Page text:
How To: Subqueries In LINQ to SQL

Often we write queries that require the use of subqueries.  And, typically, those subqueries filter on columns from the main query.  If you are wondering how you can translate that to LINQ to SQL, it isn’t all that complicated.

Subqueries are generated in LINQ to SQL when you write another query within the shaped results from your main query.  And, just like in SQL, you can refer back to columns from the main query to perform filtering.

Let’s say you need to show a report of all of the contacts, their credit cards, and the total charged to each of those cards. That can be accomplished as follows (notice that TotalPurchases is selected within the shaped results, and filters on the CreditCards.CreditCardID for that result row):

var cardUsage = (from c in Contacts
		join ccc in ContactCreditCards on c.ContactID equals ccc.ContactID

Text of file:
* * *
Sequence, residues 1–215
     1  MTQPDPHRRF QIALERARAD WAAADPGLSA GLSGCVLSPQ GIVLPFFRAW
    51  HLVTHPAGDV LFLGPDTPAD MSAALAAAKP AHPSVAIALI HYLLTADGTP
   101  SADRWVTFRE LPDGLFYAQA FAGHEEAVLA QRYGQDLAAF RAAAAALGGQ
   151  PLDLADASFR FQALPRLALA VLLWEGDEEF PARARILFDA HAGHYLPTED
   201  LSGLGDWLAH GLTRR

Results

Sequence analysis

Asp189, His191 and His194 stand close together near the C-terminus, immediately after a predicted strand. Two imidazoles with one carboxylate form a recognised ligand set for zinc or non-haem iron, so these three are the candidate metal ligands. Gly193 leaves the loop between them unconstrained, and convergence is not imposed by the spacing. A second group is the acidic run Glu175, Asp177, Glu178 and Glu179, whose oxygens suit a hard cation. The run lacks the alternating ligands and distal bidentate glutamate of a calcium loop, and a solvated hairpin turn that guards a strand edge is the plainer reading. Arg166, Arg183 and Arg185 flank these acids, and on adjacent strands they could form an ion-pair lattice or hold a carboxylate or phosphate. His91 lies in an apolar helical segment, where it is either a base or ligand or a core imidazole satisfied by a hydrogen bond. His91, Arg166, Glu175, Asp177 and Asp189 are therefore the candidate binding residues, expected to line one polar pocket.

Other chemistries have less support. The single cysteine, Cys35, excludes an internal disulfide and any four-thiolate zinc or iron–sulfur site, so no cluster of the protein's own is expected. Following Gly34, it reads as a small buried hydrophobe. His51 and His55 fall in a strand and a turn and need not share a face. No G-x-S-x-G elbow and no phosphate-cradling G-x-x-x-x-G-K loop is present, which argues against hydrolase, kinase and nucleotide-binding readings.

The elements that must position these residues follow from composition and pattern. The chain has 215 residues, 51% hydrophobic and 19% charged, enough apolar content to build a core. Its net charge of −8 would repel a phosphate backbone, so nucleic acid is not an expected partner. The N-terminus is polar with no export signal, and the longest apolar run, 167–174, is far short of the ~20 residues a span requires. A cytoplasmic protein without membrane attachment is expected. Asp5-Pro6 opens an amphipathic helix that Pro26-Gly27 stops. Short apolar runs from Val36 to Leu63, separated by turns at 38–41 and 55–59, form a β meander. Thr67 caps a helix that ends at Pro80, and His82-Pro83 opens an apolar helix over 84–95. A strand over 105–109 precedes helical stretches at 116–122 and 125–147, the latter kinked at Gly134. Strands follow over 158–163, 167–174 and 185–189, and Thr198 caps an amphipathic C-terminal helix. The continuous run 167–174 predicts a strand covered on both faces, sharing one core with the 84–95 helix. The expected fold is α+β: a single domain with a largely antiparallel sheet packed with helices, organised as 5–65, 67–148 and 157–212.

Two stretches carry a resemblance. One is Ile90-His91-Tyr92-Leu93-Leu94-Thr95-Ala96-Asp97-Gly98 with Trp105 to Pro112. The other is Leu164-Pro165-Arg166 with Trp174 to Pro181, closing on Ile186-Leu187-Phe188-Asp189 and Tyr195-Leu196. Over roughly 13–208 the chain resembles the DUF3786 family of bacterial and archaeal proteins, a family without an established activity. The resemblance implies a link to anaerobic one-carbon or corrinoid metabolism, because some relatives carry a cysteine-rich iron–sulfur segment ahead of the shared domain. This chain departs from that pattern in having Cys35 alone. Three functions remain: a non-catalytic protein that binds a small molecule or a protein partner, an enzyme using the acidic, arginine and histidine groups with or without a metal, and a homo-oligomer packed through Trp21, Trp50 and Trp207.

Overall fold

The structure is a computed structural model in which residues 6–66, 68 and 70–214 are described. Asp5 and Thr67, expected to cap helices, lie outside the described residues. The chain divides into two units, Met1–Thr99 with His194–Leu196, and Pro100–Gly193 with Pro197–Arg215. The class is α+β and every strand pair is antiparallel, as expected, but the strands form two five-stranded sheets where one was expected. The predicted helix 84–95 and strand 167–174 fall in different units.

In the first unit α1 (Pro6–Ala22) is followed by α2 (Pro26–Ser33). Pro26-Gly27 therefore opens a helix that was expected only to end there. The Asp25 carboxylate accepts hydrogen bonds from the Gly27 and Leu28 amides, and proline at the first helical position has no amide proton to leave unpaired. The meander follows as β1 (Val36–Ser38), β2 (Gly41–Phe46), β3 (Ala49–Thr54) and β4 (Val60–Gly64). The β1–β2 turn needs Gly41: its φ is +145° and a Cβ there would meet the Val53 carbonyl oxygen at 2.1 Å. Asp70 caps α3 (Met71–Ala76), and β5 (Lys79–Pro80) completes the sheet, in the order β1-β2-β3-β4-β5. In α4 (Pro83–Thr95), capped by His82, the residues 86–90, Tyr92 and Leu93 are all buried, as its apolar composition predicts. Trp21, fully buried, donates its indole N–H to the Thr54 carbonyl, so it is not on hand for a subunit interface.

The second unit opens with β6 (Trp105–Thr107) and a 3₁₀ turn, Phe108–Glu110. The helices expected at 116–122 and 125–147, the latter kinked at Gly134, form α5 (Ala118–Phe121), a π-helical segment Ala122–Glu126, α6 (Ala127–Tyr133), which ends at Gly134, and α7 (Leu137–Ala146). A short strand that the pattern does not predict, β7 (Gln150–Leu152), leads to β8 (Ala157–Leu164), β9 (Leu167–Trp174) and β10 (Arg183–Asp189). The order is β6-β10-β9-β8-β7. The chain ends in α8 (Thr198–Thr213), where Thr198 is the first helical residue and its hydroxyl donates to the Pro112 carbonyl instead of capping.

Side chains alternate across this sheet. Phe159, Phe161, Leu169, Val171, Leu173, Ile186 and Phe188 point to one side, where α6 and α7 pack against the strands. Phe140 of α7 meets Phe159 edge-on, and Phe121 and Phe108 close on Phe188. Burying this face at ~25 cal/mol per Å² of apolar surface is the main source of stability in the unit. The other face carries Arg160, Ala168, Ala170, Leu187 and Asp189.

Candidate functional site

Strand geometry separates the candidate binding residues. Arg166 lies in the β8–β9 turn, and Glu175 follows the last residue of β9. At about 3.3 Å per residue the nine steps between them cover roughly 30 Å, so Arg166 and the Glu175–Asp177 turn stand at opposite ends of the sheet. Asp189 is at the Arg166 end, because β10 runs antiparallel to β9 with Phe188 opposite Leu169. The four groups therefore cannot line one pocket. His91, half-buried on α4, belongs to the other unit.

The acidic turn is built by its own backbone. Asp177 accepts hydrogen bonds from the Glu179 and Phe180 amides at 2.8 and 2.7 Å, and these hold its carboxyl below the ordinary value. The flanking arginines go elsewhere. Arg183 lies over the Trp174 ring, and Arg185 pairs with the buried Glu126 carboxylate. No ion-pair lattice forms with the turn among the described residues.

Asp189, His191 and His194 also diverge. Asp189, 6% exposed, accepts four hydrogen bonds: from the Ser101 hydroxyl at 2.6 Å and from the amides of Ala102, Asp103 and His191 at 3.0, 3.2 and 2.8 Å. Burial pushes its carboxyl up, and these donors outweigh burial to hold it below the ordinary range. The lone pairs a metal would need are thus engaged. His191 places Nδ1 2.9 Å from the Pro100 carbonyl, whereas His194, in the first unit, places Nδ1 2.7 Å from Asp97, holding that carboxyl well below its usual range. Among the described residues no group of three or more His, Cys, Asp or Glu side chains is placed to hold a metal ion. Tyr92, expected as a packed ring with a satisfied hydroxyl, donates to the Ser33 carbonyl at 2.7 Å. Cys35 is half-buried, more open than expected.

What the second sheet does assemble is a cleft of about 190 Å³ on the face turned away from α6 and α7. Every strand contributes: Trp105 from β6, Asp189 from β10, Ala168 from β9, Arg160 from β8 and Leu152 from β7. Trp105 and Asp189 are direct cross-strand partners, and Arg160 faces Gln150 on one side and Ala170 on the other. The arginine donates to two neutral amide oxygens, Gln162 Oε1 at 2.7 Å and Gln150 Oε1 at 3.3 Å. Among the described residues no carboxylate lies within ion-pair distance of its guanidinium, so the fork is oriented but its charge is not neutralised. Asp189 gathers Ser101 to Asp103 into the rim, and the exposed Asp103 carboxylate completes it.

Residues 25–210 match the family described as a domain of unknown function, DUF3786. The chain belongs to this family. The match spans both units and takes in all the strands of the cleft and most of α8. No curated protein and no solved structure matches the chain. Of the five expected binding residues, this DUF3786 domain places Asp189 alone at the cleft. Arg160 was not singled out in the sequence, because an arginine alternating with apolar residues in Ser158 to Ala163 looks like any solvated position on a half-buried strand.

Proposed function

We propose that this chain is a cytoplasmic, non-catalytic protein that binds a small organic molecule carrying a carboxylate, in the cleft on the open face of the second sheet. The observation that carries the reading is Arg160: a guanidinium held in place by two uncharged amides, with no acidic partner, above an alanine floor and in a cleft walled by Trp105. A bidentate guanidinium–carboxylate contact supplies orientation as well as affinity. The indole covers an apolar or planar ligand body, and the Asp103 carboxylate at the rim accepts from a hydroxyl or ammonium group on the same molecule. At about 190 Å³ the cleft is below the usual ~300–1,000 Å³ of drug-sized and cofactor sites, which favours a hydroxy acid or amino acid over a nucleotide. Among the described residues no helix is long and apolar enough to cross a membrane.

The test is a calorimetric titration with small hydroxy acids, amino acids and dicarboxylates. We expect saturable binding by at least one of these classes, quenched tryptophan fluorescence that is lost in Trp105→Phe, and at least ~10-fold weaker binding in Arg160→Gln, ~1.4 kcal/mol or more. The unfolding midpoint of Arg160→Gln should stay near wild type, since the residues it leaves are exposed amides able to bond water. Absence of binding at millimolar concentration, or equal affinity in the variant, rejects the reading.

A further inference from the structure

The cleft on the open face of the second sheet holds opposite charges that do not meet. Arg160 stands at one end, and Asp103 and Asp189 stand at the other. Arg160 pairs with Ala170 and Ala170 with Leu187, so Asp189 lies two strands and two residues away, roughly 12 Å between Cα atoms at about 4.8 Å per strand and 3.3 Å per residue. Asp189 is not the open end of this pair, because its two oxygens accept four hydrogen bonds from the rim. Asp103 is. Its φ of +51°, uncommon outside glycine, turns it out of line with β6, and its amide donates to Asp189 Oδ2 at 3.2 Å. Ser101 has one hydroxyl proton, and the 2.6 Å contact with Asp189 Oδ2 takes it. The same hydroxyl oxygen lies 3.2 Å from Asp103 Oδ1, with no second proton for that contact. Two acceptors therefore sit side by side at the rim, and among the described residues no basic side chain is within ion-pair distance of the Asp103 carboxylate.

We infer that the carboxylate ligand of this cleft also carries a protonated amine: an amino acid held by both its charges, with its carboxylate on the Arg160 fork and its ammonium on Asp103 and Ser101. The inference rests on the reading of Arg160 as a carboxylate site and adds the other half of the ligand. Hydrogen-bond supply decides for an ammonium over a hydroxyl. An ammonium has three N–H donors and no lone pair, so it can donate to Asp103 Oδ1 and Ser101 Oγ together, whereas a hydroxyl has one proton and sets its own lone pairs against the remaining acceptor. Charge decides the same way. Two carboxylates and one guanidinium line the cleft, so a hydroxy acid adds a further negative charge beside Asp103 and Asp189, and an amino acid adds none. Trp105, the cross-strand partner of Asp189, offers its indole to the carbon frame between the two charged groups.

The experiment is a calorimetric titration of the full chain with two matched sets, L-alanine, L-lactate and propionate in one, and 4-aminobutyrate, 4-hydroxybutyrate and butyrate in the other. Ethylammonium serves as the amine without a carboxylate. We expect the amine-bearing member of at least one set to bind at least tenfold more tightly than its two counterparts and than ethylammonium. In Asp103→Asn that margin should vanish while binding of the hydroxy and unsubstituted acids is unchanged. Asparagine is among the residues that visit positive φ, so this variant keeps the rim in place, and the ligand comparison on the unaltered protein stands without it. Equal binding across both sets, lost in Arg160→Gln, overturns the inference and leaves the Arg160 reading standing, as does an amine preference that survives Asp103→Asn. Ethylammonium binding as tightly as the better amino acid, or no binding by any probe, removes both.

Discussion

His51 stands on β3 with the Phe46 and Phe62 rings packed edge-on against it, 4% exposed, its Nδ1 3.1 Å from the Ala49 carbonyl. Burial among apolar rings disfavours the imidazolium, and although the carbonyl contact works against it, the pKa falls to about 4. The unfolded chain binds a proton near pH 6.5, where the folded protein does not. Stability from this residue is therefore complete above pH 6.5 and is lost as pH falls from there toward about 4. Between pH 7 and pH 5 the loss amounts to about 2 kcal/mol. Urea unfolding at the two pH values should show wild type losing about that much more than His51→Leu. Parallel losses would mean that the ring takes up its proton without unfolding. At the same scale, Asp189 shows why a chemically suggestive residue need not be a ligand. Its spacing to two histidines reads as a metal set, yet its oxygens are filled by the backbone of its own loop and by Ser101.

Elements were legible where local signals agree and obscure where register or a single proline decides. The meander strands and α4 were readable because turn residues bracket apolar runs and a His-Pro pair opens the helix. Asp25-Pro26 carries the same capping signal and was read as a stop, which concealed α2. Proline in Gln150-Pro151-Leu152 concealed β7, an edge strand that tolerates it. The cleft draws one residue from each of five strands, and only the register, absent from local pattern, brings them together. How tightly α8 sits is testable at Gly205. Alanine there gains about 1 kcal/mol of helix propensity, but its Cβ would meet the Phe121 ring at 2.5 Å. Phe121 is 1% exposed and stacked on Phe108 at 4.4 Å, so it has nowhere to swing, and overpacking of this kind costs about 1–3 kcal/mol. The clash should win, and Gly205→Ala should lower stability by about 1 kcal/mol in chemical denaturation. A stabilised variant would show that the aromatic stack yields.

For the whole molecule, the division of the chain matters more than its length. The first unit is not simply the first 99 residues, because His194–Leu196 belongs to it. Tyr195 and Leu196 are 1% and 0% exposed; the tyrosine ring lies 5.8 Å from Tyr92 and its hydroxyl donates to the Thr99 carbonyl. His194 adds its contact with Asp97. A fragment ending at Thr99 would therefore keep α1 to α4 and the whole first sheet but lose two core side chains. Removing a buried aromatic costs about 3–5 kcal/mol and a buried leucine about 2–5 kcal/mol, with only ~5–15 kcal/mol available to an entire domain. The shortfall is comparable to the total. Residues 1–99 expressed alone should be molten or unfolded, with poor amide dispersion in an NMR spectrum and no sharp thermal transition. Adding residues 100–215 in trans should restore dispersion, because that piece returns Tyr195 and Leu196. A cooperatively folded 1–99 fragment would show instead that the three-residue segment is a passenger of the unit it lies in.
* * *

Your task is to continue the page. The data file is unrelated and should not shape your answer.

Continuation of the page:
join cc in CreditCards on ccc.CreditCardID equals cc.CreditCardID

		select new
			TotalPurchases = (from soh in SalesOrderHeaders
					where soh.CreditCardID == cc.CreditCardID
					select soh.TotalDue).Sum()

It generates this SQL, with subquery as expected:

SELECT [t0].[FirstName], [t0].[LastName], [t0].[EmailAddress], [t2].[CardType], [t2].[CardNumber],
		SELECT SUM([t3].[TotalDue])
		FROM [Sales].[SalesOrderHeader] AS [t3]
		WHERE [t3].[CreditCardID] = ([t2].[CreditCardID])
	AS [TotalPurchases]
FROM [Person].[Contact] AS [t0]
INNER JOIN [Sales].[ContactCreditCard] AS [t1] ON [t0].[ContactID] = [t1].[ContactID]
INNER JOIN [Sales].[CreditCard] AS [t2] ON [t1].[CreditCardID] = [t2].[CreditCardID]

As always, verify in LINQPad.

2 Responses to “How To: Subqueries In LINQ to SQL”

  1. I try to extract the sub query to its own method to make it easy to read. Do you see any issues with that?
    As always I find this blog very informative.

  2. Run it through LINQPad…

    This won’t work as you’d hope.

    First, it’ll select all of the columns from the tables in your primary query (rather than just the columns you need to shape your result object). Then, it’ll fire the subquery (which now resides inside its own function) once for each result from the primary query. Decidely not the desirable result.

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